Over the past weeks, pressure has been mounting on the United States Federal Communications Commission (FCC) to tighten its approach toward China. This follows as a number of federal agencies including the Departments of Justice and Homeland Security came together on March 9 to recommend that the FCC revoke its authorization for China Telecom to provide its international telecommunications services in the U.S.—citing a national security threat caused by “unacceptable national security and law enforcement risks”.
The recommendation comes as the FCC continues to inspect China Telecom, a state-owned company, as a potential national security threat as part of an ongoing investigation which began last year. As things currently stand, the U.S. subsidiary of China Telecom is licensed to operate in the country, where it has been actively providing service since 2007.
“The security of our government and professional communications, as well as of our most private data, depends on our use of trusted partners from nations that share our values and our aspirations for humanity,” Demers adds. “Today’s action is but our next step in ensuring the integrity of America’s telecommunications systems.”
With the U.S. edging ever closer toward declaring all Chinese telecommunications operations a national security threat; the move marks the latest in a long spate of diplomatic and internal decisions by the U.S. to curb the influence of Chinese telecommunications both domestically and across the globe.
Justifying a national security threat
The Department of Justice points to concerns that China Telecom is “vulnerable to exploitation, influence, and control by the PRC government” as one of its primary bases for its recommendation to the FCC. It also mentions that “evolving national security environment since 2007” and “increased knowledge of the PRC’s role in malicious cyber activity targeting the United States” has given the agency reason to believe that China Telecom poses a national security threat to the U.S.
The Department goes further still in its allegations against the Chinese firm. According to the Department of Justice, China Telecom has made “inaccurate statements” to the U.S. government about where the company stores its U.S. records, thereby “raising questions about who has access to those records.” It has also, allegedly, provided “inaccurate public representations” about its cybersecurity practices, which “raise questions about China Telecom’s compliance with federal and state cybersecurity and privacy laws.”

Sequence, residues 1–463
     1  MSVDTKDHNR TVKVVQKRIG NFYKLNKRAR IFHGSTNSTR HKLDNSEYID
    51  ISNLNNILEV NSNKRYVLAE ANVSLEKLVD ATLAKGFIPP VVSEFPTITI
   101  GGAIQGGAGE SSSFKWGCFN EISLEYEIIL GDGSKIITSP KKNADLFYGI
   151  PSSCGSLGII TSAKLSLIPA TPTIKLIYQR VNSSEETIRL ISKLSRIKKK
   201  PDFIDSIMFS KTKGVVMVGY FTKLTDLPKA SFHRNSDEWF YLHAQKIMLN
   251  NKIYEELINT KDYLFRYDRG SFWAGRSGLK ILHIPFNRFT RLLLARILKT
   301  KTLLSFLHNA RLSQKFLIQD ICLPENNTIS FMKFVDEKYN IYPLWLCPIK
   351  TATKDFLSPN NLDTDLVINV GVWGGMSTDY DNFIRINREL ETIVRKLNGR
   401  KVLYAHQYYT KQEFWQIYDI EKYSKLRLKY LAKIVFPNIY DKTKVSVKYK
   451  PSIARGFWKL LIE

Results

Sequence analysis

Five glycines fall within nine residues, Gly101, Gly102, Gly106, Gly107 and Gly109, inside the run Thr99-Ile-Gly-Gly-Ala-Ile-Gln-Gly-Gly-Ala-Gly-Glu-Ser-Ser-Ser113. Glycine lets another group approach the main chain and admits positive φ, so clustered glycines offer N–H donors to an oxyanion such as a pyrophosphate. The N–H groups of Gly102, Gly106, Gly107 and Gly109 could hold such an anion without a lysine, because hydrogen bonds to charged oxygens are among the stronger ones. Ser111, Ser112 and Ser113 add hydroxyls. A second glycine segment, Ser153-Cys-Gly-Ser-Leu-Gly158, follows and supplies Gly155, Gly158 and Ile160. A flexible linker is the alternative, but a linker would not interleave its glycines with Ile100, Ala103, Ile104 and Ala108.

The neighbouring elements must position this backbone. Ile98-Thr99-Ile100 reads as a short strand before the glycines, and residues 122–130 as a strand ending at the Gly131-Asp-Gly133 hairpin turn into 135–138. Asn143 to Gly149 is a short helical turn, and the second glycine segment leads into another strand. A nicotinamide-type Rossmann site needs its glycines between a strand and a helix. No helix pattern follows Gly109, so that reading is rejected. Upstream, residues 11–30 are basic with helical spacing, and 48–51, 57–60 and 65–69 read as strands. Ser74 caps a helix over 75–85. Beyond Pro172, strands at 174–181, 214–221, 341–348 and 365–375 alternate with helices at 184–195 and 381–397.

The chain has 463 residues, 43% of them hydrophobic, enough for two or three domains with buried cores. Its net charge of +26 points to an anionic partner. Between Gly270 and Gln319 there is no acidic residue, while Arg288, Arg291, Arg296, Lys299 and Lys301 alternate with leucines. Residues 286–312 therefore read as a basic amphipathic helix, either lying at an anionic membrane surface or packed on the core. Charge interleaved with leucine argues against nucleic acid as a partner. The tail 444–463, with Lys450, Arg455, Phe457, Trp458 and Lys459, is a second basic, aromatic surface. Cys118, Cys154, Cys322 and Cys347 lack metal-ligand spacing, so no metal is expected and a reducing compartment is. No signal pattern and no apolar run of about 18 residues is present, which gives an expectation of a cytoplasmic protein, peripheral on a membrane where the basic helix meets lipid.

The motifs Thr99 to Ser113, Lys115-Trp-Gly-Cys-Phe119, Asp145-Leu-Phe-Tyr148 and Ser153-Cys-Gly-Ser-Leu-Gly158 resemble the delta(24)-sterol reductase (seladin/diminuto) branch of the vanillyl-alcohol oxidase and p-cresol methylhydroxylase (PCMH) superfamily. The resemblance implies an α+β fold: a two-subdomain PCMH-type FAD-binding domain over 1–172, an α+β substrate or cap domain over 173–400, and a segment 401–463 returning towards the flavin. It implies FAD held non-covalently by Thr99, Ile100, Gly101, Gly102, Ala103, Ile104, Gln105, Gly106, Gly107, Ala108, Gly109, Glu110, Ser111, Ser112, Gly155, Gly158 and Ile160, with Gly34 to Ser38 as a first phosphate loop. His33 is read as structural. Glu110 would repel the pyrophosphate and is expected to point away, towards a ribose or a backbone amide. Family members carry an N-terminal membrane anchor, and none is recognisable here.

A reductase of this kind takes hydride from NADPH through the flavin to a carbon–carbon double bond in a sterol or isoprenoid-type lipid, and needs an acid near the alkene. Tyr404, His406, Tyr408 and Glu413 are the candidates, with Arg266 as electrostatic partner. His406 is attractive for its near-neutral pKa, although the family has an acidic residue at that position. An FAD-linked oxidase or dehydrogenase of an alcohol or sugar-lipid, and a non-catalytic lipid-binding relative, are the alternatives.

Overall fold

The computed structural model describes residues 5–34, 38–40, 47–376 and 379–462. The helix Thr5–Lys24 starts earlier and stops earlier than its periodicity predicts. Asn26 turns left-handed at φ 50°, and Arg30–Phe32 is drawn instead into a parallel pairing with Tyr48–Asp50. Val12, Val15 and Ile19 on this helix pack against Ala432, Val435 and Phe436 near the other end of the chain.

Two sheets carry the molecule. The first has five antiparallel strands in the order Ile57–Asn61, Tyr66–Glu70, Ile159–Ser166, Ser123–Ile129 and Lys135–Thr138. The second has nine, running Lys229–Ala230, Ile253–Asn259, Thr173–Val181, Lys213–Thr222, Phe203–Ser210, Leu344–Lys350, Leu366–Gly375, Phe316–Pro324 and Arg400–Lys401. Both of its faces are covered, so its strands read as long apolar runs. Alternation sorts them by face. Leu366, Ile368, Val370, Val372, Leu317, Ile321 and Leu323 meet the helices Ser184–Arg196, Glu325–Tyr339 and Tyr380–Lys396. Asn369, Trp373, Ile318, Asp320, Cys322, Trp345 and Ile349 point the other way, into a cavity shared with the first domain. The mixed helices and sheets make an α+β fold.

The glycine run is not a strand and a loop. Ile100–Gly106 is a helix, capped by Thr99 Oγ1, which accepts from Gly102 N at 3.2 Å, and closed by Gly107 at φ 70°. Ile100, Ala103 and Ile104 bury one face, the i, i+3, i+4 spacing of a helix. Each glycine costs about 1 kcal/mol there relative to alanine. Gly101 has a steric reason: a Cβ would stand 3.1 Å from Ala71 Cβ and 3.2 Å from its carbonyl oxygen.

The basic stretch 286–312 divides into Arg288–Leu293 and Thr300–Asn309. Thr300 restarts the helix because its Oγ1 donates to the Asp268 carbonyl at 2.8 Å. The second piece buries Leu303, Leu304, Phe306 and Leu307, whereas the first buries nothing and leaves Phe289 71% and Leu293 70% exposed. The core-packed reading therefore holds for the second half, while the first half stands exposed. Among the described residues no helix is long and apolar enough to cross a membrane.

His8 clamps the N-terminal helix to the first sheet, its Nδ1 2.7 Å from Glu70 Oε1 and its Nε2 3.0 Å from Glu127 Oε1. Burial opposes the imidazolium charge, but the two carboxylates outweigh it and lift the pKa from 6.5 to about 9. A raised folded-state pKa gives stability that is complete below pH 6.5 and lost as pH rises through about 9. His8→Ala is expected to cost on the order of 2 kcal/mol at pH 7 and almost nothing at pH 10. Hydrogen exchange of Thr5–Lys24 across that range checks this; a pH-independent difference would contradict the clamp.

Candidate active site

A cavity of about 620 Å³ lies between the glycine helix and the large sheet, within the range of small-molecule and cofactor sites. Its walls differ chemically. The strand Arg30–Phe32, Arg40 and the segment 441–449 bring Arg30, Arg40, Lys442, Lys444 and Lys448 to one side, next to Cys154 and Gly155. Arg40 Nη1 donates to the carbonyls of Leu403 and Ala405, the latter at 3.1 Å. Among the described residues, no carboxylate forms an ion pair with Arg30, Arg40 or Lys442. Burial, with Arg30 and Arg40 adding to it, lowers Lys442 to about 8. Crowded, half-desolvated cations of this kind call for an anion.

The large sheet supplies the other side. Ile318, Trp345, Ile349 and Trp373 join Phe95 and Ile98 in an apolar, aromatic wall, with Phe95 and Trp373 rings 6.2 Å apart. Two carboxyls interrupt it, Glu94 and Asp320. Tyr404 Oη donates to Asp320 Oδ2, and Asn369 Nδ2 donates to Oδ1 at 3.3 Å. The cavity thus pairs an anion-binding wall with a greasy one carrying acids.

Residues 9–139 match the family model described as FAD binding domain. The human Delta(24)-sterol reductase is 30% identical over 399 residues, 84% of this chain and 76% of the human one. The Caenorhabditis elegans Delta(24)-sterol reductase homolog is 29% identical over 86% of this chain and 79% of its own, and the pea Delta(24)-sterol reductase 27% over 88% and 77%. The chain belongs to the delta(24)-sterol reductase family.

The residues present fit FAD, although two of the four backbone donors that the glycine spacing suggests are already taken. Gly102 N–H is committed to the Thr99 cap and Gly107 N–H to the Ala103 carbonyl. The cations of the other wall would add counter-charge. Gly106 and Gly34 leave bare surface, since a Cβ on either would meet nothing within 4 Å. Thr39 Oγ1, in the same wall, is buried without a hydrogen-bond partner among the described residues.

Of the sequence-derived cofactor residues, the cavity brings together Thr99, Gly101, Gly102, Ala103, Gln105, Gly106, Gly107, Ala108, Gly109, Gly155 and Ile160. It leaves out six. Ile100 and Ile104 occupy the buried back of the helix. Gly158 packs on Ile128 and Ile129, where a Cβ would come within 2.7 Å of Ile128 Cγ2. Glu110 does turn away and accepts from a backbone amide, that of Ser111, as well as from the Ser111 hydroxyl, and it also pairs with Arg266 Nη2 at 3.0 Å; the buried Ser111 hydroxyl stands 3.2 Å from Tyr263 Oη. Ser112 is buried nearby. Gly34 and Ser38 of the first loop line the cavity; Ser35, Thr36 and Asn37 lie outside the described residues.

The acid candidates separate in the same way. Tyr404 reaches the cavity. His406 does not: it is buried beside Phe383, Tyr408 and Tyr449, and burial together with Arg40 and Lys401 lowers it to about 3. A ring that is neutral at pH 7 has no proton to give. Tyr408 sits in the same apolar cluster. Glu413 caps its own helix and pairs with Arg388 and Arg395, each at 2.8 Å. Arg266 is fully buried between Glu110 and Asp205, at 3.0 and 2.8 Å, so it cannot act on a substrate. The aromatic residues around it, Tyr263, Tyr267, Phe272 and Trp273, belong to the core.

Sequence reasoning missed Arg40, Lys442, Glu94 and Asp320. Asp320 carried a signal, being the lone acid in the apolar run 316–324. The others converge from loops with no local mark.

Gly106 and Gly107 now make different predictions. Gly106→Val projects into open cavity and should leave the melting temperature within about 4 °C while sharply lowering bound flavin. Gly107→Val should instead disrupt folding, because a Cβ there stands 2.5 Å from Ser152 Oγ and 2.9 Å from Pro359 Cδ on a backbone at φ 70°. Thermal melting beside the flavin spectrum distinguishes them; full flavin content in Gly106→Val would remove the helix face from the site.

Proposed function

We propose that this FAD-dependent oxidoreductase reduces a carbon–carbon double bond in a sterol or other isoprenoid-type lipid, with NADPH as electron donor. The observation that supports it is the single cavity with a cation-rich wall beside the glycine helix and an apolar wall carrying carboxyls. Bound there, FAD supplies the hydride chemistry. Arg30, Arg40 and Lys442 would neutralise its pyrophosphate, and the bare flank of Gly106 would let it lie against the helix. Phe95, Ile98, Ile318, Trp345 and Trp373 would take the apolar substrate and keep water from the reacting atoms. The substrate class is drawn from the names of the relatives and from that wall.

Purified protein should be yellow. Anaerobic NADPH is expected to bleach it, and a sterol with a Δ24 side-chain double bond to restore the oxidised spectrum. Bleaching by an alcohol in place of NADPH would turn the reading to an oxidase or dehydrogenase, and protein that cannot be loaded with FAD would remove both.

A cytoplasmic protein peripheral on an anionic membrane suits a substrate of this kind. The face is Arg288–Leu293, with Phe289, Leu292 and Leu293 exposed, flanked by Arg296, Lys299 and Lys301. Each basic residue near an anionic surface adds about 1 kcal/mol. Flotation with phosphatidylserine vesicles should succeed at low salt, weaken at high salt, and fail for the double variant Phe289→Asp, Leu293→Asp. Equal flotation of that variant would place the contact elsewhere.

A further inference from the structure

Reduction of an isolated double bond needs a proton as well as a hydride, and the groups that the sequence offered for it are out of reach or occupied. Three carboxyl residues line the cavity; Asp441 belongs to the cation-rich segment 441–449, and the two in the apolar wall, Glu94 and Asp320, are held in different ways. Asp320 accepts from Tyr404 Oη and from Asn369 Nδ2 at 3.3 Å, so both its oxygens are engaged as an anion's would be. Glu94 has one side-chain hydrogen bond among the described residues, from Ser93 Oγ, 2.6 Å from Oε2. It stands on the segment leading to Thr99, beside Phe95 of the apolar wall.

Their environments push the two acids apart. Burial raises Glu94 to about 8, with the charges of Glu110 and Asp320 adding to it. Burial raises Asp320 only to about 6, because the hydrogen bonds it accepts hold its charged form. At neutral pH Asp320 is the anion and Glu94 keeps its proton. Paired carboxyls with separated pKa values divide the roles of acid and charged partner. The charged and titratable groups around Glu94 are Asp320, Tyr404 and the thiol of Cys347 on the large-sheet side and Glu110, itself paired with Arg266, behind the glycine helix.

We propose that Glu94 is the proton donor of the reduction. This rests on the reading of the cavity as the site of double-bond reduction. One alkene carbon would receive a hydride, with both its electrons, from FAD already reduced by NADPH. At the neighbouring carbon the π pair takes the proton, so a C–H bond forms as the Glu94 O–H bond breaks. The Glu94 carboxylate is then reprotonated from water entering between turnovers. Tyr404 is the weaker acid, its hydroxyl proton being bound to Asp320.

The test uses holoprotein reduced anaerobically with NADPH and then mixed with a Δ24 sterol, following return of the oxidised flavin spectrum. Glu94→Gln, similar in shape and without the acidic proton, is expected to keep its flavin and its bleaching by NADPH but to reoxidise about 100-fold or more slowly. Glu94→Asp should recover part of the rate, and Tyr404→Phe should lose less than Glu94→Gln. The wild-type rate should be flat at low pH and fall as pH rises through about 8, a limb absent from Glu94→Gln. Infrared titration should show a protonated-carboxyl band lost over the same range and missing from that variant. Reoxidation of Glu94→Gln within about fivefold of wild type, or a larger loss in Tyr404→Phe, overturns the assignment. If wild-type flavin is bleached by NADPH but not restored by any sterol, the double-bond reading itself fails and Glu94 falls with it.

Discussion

Finally, the Department concludes that a national security threat could be posed via espionage. According to them, China Telecom’s U.S. operations, “provide opportunities for PRC state-actors to engage in malicious cyber activity enabling economic espionage and disruption and misrouting of U.S. communications.”
The U.S.-China telecommunications feud
If it goes forward, the FCC’s decision to ban China Telecom would not be the first of its kind. In May of last year, the agency rejected the request of another state-owned Chinese telecommunications company, China Mobile, to provide services in the U.S. Following a unanimous vote to this effect, FCC Chairman Ajit Pai affirmed the commission’s belief that China Mobile could be influenced by the Chinese government.
Although China Telecom, on the other hand, has been operating for more than a decade in the U.S., the Department of Justice nonetheless claims that the company has failed to stand in line with terms of its “existing agreement” with the department—throwing the company’s future standing in the U.S. into uncertainty.
The recent recommendation by federal agencies, as well as the rejection of China Mobile, feature as the latest move in the U.S. government’s ongoing trade and technology feud with China—one which has seen telecommunications become a key battleground.
Huawei, for example—among the largest core telecommunications equipment makers in the world—was placed on a U.S. blacklist last year after it was deemed to be a national security threat due to the potential that it could facilitate Chinese espionage. The move, which restricted Huawei’s access to American technology, marked one of the defining moments of U.S.-China relations more generally in 2019.
At present, 5G—next-generation mobile infrastructure promising faster internet speeds—is shaping up to be the next frontier in the U.S.-China feud. By using the likes of Huawei and state-owned telecommunications providers, the U.S. fears that China could become a world-leader in global 5G technology and pose a national security threat domestically.
Whether or not a national security threat is indeed posed by China, and whether or not the country’s telecommunications prowess comes to dominate international competition, both remain still to be seen. However, the skepticism of the U.S. toward China, whether appropriate or not, is a sure sign of rising tensions to come.